Thursday, July 28, 2011

(1) The Greatest Vice (2) Military Suicides


THE GREATEST VICE


  At first, Muslims were blamed by the mob for the mass murders actually commited by those clean-cut young native sons of the U.S.A. and Norway, Timothy McVeigh and Andrew Behring Breivik.  As McVeigh was murdered by the state we will never have the opportunity to see if in the future he would have comprehended his own actions, or how society might have learned from observing him how to prevent future McVeighs.  Fortunately, the Norwegians are not so murderous, and Breivik will not be killed by the State, while he has stated that he knows he will serve life in prison.  We will have a chance to see if he ever wakes up to the reality of what he has done, or tell us how he got there.
       One thing that these two young men have in common is what is universally considered a “virtue,” but what is actually the worst vice on the planet:  self-righteousness.  In simple old common sense language, they were “so right they were wrong.”  Beside the factors in their personal psychology histories – which are as important as anything – they were clear in their statements about what had aroused their righteous indignation, which, for them, justified the most extreme reaction. 
           Even those not directly harmed by their acts are apt to be seized by the vice of self-righteousness and will call for their murder by the state, a state of mind no different from the state of the mind of the murderers they want to murder.  But will the people who call for their deaths recognize that they are the same as those they wish to murder?  How many people possessed by the vice of self-righteous will openly celebrate or smile in private when they hear of the murder of a doctor who provides abortions.  While in other parts of their lives they may be loving citizens who personally would never murder, when it comes to whatever makes them feel full of a supposed virtue of self-righteousness, they will feel justified to celebrate a murder.  Bless Norway that seems to know the poisonous nature of feeling righteous.  Look at every sick situation on the earth, in the nation, and in our personal lives, and you will see that the root of the conflict is this vice of self-righteousness.  The robber feels that, compared with others, he is not getting the share he deserves, and feels righteous about a rough achievement of equality.  Some will react negatively if I say that resentment and envy justifies in the rapist’s mind his violent act.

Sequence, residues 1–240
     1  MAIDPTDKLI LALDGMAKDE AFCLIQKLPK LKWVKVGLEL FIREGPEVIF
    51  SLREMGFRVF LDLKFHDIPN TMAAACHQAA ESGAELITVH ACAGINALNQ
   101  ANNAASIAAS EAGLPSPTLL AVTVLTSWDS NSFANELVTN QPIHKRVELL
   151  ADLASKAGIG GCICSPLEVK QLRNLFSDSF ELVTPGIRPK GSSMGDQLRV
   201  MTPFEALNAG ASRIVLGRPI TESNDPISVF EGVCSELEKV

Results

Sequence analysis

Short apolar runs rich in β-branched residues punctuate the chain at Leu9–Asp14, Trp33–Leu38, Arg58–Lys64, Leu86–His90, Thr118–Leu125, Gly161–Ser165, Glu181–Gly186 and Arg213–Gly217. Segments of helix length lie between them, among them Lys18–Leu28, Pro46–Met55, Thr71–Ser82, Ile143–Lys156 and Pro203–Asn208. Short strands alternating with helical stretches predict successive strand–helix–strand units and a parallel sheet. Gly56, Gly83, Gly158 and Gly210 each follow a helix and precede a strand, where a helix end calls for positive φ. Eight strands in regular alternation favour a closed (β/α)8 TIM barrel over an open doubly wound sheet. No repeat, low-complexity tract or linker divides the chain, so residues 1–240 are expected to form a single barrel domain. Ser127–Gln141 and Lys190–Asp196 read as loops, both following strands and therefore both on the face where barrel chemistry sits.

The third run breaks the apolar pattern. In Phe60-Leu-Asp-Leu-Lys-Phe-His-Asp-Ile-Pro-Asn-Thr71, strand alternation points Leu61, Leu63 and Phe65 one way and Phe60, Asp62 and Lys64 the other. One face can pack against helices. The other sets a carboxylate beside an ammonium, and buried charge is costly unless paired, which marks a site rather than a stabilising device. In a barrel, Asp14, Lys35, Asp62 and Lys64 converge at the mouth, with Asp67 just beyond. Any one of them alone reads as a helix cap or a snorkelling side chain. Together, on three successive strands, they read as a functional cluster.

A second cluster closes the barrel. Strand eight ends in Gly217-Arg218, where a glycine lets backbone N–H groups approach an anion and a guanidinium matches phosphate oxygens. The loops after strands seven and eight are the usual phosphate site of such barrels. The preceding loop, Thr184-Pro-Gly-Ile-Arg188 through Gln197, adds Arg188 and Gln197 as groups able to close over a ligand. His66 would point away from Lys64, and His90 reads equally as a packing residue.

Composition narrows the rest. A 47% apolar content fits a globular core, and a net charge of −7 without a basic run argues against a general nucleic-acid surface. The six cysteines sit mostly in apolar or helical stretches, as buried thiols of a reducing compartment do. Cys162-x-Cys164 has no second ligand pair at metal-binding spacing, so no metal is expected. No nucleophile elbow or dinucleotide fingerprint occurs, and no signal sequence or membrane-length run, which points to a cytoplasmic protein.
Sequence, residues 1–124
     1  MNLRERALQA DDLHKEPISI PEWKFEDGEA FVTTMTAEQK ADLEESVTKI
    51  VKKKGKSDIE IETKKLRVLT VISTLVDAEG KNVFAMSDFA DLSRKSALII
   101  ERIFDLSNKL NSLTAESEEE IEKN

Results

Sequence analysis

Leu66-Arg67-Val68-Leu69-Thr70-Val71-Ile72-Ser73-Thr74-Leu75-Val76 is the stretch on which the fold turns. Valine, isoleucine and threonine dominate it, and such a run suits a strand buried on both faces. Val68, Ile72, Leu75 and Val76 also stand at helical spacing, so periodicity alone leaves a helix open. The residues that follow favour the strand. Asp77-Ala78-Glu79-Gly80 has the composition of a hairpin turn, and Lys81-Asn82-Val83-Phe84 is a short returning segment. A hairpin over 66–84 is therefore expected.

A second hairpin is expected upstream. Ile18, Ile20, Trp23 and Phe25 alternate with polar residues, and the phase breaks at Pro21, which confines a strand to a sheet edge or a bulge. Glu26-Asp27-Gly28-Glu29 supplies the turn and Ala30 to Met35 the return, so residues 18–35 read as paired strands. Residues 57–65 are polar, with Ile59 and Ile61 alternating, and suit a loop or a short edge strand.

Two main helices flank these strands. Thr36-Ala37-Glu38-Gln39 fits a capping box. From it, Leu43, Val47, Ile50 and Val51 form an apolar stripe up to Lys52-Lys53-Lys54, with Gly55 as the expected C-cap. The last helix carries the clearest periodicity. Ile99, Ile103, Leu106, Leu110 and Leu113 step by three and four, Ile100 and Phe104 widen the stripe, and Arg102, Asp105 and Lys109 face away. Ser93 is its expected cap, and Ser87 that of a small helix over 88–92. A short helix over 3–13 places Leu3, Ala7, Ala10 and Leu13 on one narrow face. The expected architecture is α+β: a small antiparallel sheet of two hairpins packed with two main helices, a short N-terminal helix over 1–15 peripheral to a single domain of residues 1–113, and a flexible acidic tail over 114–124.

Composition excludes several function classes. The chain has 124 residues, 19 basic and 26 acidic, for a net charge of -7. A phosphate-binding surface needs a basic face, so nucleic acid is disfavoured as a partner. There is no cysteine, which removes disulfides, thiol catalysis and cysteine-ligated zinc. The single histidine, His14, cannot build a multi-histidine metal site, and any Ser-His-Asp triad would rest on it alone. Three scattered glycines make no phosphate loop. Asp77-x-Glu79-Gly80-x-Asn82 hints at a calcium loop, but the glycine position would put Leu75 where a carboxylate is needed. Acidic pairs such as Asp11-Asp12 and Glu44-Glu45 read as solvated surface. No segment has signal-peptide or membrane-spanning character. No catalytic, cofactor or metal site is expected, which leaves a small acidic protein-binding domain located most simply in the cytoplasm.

Does anyone do wrong?  Or, rather, is the wrong they do not done with a sense of self-righteousness that empowers?  I have certainly in my life not been free of this so-called virtue which is the worst vice, and I always hope I can face up to my fear of examining how it exists in my life, past and present, but I do know that enjoying a sense of self-righteousness is the opposite of being one who helps create a world of peace and love. 
Postscript:  I have to add this about another matter – military suicides.  It is heartbreaking to hear the “sleepy” reaction of relatives of service people or veterans who commit suicide:  “I don’t understand.  He seemed O.K.”  Will the time ever come when they will understand the decency of their child being troubled by murdering people (let alone if they awaken to the fact that they have been manipulated by the sordid motives of nations and war profiteers).  Here is a human with a conscience reacting with horror at murders he or she has been forced to commit. Around them, there is no one to celebrate them as the true heroes, and they are far from people who might have told them the thoughts that lead to their suicides proved their greater humanity, not that they were failing some primitive definition of manhood or  spurious patriotism.  
  

1 comment:

Marmsk said...

Very thoughtful.